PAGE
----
[This great Reformer was born at Gifford, near Haddington, in the year 1503. He was educated in the popish faith; but having at an early period been freed from its shackles, he became, as is well known, the chief instrument, under providence, in establishing the protestant ascendancy over Scotland. After a life of unremitting labour and severe privation and suffering, spent in this good cause, he died at Edinburgh on the 24th of November, 1572; bearing the most ample testimony to the glorious truths, which he so firmly believed and so successfully propagated.]
On Monday, the 17th, he thus addressed the members of his session, who with Mr. Lawson his colleague, and Mr. Lindsay, one of the ministers of Leith, assembled in his room for that purpose: "The day approaches and is now before the door, for which I have frequently and vehemently thirsted, when I shall be released from my great labours and innumerable sorrows, and shall be with Christ. And now God is my witness, whom I have served in spirit, in the Gospel of his Son, that I have taught nothing but the true and solid doctrine of the Gospel of the Son of God; and have had it for my only object, to instruct the ignorant, to confirm the faithful; to comfort the weak, the fearful, and the distressed, by the promises of grace; and to fight against the proud and rebellious, by the divine threatenings. I know that many have complained, and do yet loudly complain, of my too great severity; but God knows that my mind was always void of hatred to the persons of those against whom I thundered the severest judgments. I cannot deny but that I felt the greatest abhorrence at the sins in which they indulged; but I still kept this one thing in view, that, if possible, I might gain them to the Lord. What influenced me to utter whatever the Lord put into my mouth so boldly, without respect of persons, was a reverential fear of my God, who called, and out of his grace appointed me to be a steward of divine mysteries, and a belief that he will demand an account of my discharge of the trust committed unto me, when I shall stand before his tribunal. I profess, therefore, before God, and before his holy angels, that I never made merchandise of the sacred word of God, never studied to please men, never indulged my own private passions, or those of others, but faithfully distributed the talent intrusted to me, for the edification of the church, over which I watched. Whatever obloquy wicked men may cast on me respecting this point, I rejoice in the testimony of a good conscience. In the meantime, my dearest brethren, do you persevere in the eternal truth of the Gospel; wait diligently on the flock over which the Lord hath set you, and which he redeemed by the blood of his only begotten Son. And thou, my dear brother Lawson, fight the good fight, and do the work of the Lord joyfully and resolutely. The Lord from on high bless you and the whole church of Edinburgh, against whom, as long as they persevere in the word of truth, which they have heard of me, the gates of hell shall not prevail."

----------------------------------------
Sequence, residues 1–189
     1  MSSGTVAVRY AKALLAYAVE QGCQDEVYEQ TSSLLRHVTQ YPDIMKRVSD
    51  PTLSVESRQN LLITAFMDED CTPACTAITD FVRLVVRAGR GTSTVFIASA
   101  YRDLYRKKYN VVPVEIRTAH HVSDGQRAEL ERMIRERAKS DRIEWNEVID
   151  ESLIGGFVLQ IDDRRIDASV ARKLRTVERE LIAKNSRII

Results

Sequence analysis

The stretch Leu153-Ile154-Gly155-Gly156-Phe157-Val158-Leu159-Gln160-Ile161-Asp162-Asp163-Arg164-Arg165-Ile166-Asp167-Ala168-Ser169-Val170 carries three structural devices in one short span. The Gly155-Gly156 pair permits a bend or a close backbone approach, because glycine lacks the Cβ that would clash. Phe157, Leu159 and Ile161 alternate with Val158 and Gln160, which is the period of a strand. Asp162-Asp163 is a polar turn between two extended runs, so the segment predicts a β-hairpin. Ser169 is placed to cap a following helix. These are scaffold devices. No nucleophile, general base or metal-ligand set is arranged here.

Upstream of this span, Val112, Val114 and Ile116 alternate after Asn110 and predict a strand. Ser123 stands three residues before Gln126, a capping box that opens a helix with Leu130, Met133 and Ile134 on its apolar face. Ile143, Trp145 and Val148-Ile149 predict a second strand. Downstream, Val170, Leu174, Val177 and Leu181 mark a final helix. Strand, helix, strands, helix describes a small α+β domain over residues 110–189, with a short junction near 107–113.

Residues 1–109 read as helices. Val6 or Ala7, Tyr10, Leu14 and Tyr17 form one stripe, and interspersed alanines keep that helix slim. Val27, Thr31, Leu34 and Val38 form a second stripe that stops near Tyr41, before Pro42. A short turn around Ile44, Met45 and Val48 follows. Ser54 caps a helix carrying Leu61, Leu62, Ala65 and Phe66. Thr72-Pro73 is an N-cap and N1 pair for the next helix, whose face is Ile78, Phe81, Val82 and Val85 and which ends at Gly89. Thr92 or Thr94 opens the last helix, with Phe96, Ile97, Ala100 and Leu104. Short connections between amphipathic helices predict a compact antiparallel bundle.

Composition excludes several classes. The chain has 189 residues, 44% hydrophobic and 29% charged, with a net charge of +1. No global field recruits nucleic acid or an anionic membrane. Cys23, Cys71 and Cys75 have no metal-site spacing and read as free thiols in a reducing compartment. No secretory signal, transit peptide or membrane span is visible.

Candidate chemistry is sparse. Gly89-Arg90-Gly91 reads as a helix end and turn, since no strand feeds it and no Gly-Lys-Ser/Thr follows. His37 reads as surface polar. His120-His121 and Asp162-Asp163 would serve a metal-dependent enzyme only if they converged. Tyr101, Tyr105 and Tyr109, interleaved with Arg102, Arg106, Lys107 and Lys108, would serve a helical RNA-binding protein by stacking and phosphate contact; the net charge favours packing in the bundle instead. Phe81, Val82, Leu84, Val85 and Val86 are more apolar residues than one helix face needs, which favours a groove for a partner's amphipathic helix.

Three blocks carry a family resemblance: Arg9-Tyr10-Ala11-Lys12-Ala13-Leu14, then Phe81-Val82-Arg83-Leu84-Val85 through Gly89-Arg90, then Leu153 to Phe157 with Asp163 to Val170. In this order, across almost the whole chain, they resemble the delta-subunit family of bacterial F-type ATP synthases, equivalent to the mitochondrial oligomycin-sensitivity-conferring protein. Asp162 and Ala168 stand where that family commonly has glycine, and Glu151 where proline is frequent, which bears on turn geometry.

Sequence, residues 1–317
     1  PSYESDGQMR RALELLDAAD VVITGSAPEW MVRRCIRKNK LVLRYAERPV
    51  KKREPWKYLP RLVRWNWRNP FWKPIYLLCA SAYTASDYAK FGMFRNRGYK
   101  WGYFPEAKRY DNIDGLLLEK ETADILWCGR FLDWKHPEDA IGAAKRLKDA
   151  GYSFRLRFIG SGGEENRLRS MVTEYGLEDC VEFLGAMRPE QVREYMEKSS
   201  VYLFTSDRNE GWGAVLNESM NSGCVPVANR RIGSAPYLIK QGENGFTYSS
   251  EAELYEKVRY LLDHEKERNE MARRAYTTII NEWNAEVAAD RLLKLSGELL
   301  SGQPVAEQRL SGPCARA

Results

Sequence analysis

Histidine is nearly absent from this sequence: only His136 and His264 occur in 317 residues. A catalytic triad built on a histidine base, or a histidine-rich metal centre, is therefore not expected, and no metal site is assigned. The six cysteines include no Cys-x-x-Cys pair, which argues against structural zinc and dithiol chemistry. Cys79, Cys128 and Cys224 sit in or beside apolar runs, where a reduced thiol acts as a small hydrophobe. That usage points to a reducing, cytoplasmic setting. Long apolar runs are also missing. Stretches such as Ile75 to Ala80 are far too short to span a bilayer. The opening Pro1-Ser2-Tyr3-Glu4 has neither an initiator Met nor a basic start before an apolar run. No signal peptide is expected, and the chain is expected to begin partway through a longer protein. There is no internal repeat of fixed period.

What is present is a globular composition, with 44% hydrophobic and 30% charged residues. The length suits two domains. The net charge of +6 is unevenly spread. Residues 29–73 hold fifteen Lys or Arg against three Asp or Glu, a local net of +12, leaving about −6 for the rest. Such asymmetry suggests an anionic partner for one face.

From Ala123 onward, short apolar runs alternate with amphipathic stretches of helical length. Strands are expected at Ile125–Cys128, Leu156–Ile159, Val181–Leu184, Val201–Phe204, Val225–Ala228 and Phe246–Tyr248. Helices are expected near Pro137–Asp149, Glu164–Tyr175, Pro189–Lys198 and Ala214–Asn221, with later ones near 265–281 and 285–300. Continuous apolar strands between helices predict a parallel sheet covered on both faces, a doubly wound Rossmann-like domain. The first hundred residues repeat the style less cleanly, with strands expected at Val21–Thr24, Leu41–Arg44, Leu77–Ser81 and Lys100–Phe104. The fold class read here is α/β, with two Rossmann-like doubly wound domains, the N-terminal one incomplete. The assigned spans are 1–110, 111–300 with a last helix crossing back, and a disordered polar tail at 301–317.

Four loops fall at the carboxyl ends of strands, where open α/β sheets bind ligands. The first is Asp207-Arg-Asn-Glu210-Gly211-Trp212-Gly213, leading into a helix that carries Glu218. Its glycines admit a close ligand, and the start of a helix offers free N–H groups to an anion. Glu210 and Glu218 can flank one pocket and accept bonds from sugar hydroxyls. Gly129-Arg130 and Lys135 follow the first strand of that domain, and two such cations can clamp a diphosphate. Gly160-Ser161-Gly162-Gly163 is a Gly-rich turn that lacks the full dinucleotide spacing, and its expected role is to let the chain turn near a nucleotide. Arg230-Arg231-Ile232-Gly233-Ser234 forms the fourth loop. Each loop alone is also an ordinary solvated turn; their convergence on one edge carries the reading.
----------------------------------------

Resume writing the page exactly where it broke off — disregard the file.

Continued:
When they were going out, he desired Messrs. Lawson and Lindsay to remain behind, and thus continued: "There is one thing that greatly grieves me.-You have been witnesses of the former courage and constancy of Grange, in the cause of God; but now, alas-into what a gulf has he precipitated himself! I entreat you not to refuse the request which I now make to you: Go to the castle and tell him from me, that John Knox remains the same man now, when he is about to die, that ever he knew him when able in body, and wil 1. him to consider what he was, and the estate in which he now stands, which is a great part of his trouble.' Neither the craggy rock, in which he miserably confides, nor the carnal prudence of that man, (Maitland) whom he esteems a demi-god, nor the assistance of strangers shall preserve him; but he shall be disgracefully dragged from his rest to punishment, and hung on a gallows before the face of the sun, unless he speedily amend his life, and flee to the mercy of God. That man's soul is dear to me, and I would not have it perish if I could save it."
To the earl of Morton, after having asked him as to his previous knowledge of Darnley's murder, be said, "Well, God has beautified benefits which he has not given to every man; as he you with many has given you riches, wisdom, and friends, and now is to prefer you to the government of the realm. And, therefore, in the name of God I charge you to use all these benefits aright, and better in time to come than ye have done in times bypast; first, to God's glory, to the furtherance of the evangel, the maintenance of the church of God and his ministry; next, for the weal of the king, and his realm, and true subjects. If so ye shall do, God shall bless you and honour you; but if ye do it not, God shall spoil you of these benefits, and your end shall be ignominy and shame."
On Thursday, the 20th, the lords Glencairn and Ruthven, having called, and the latter having tendered his services to do for him any thing in his power, his reply was, "I care not for all the pleasure and friendship of the world."-A lady of his acquaintance, desiring him to praise God for what good he had done, and speaking in his commendation, he thus interrupted her:-" Tongue, tongue! lady, flesh of itself is overproud and needs no means to esteem itself.” He then exhorted her to put off pride and be clothed with humility, protesting as to himself that he relied wholly on the free mercy of God, manifested to mankind through his dear Son Jesus Christ, whom alone he embraced for wisdom, and righteousness, and sanctification and redemption. And the rest of the company having taken their leave of him, he said to the laird of Braid-" Every one bids me good night, but when will you do it? I have been greatly indebted unto you, for which I shall never be able to recompense you; but I commit you to one that is able to do it, to the Eternal God."
On Friday the 21st, these words were often in his mouth, "Come Lord Jesus. Sweet Jesus, into thy hands I commit my spirit. Be merciful Lord to thy church, which thou hast redeemed. Give peace to this afflicted commonwealth. Raise up faithful pastors, who will take charge of thy church. Grant us, Lord, the perfect hatred